Friday, September 23, 2011
Mom's football practice
“I don’t know if this blood is mine or somebody else’s,” my son said rather casually as he trotted off the football field. His coach apparently has a “No bleeding on the field policy;” otherwise, he’d still be out there.
Then I said something I don’t believe I’ve said in the ten years since he was born: “Well, I sure hope it’s your blood!”
I’ve always been amazed at the things I’ve found myself saying since I became a mother, and I can certainly add this to my list. I think I’ll put it between, “No, babies are not born by crawling out of their mothers’ mouths,” and “No, the tooth fairy does not give raises.”
Back to football. Realizing that it was, in fact, his blood, I jumped up and sprang into action. Since my husband was at our daughter’s sporting event across town, I had to balance the right amount of motherly concern versus fatherly “Get back out there and get you some!” It’s a fine line.
Somehow, despite the fact that I gave my husband three first aid kits for Father’s Day – don’t ask – I discovered I didn’t have a Band-Aid to save my life or, in this case, to bandage a superficial scratch. I went from mom to mom and waited while they dug into their purses, watching my son patiently inspect the blood that continued to drip down his arm. Finally, one sweet and prepared mom offered to run to her car to get one. She quickly reappeared with wipes, Band-Aids, and even a trash bag to throw the biohazard away. I’ve always said it takes a village.
I got his cut cleaned up, and he was soon back on the field. The coach called a water break not long afterwards, and my son came trotting over again, “My Band-aid fell off already.”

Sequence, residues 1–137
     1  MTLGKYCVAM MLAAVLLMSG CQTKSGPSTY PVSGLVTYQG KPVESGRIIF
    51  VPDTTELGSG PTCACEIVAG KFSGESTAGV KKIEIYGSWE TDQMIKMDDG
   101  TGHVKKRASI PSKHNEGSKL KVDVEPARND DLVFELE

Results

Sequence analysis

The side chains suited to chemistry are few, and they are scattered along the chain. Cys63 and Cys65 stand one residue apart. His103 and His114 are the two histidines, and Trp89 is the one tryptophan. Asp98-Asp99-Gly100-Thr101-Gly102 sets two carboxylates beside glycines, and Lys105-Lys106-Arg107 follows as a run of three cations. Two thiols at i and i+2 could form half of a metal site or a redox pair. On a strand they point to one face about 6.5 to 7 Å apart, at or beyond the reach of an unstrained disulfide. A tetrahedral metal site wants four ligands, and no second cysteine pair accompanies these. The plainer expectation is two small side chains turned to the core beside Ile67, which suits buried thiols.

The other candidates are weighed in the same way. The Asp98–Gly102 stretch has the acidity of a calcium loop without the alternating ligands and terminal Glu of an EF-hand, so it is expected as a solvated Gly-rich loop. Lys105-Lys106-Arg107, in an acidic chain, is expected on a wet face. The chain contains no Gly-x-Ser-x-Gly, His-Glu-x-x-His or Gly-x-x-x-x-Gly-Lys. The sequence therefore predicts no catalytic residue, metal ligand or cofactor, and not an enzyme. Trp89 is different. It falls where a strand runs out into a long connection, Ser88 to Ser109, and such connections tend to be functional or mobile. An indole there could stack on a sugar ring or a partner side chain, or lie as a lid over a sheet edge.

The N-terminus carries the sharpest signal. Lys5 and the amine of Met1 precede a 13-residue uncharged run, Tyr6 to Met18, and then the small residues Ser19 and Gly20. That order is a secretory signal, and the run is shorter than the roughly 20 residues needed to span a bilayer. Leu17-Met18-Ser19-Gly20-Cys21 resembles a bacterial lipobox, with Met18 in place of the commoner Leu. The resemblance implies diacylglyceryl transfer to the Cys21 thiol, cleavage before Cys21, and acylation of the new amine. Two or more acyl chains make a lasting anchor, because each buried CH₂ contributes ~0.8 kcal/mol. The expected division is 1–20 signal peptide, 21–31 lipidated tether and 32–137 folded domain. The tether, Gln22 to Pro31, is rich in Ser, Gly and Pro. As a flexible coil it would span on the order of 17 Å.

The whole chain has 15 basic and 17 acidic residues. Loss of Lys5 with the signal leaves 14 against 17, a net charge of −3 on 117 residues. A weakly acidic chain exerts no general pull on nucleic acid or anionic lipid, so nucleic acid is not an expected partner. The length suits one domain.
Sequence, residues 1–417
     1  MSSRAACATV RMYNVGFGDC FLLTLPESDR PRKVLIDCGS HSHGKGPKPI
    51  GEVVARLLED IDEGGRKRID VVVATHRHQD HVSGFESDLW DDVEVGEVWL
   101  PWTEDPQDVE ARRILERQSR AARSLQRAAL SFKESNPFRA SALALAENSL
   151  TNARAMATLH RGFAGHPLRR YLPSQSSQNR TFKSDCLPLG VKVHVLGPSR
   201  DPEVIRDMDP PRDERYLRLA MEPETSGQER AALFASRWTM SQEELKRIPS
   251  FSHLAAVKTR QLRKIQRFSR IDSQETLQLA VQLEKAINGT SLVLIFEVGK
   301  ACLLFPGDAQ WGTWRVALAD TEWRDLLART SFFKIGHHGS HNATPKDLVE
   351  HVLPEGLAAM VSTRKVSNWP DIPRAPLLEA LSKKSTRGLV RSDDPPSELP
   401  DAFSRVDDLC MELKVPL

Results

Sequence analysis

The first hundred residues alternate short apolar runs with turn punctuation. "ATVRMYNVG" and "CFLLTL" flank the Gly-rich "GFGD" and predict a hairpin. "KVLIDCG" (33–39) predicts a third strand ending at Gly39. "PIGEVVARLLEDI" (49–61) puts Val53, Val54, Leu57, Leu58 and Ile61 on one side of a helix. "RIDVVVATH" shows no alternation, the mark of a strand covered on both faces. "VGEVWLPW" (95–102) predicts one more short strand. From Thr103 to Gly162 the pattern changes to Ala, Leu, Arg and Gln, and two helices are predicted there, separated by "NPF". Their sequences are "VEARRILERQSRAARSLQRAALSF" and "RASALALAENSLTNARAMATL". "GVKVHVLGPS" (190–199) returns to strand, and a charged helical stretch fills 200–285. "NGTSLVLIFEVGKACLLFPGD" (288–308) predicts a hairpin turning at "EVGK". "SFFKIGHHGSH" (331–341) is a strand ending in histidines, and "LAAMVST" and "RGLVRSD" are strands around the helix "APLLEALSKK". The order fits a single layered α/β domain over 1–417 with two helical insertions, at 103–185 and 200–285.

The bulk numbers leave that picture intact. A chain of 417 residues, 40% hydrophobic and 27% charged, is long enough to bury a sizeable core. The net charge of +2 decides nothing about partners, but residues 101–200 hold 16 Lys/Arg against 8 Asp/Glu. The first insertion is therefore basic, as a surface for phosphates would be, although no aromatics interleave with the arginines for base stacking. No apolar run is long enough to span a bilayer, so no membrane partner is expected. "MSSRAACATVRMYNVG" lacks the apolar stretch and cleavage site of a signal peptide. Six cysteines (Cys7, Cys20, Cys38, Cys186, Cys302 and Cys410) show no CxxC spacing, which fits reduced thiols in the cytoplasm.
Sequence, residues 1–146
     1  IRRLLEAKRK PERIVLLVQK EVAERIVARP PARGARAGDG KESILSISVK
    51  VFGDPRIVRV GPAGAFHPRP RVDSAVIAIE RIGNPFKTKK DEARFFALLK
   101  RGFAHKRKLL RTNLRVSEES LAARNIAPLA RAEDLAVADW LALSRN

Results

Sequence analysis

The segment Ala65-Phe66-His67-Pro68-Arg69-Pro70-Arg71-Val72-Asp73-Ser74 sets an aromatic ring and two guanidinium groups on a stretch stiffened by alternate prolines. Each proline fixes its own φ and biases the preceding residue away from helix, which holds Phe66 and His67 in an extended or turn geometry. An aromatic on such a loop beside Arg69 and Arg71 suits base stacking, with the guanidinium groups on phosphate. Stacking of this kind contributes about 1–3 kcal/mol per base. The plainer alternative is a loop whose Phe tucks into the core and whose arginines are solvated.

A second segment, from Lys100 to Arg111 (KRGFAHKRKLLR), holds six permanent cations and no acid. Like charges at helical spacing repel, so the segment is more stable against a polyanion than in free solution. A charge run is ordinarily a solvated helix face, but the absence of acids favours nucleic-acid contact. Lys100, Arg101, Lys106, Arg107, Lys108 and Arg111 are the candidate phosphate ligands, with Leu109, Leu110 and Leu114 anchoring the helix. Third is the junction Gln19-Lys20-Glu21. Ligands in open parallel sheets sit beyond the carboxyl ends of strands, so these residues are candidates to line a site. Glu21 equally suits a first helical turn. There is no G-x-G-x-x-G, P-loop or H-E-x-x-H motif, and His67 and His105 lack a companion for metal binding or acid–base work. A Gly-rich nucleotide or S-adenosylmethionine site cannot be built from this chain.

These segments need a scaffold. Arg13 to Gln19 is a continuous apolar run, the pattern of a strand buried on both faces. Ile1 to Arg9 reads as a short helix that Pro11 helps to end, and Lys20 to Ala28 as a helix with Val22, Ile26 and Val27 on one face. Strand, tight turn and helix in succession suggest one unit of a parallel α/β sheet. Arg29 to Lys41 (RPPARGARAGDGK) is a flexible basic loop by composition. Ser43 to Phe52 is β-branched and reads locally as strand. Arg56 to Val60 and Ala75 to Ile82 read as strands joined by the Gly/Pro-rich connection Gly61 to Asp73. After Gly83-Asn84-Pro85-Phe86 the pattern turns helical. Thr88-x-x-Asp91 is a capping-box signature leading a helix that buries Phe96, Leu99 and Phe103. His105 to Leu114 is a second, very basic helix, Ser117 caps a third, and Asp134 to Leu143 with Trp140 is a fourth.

Fortunately, the wound had sealed, and he could go back to head-banging, I mean, football. I have to admit, I’m not the best football mom, but I’m learning. One thing I’ve learned is I need to sit as far away from the action as possible. This prevents me from hearing his grunts and moans and the clanking of his head getting banged, and it also prevents him from having the urge to look pitifully at me. Not that we are making him play, mind you. He loves it and wants to do it. Except perhaps when he practicing nose guard over and over and over again.
On nights like that, I try to maintain a healthy distance, though it takes just as much strength for me not to march out on the field, shake my finger at the bigger kids for hitting my boy and then give him a big hug. But, I don’t. I may not know much about football, but I was raised in the South, and I know how much it means to boys - of all ages.
So, instead, when he comes off the field tired, sore and looking a little dejected and asks me if his head is bruised and shows me his battle wounds, I say, “Football is a tough sport – and you’re a tough kid. Now, do you want to get a milkshake?”
I’m not sure if this is the best way to handle it or not. He may be my third child, but most of the time, I feel like I’m just practicing. I do know one thing, however, and that is there’s not much a good milkshake can’t cure. Thanks be to God.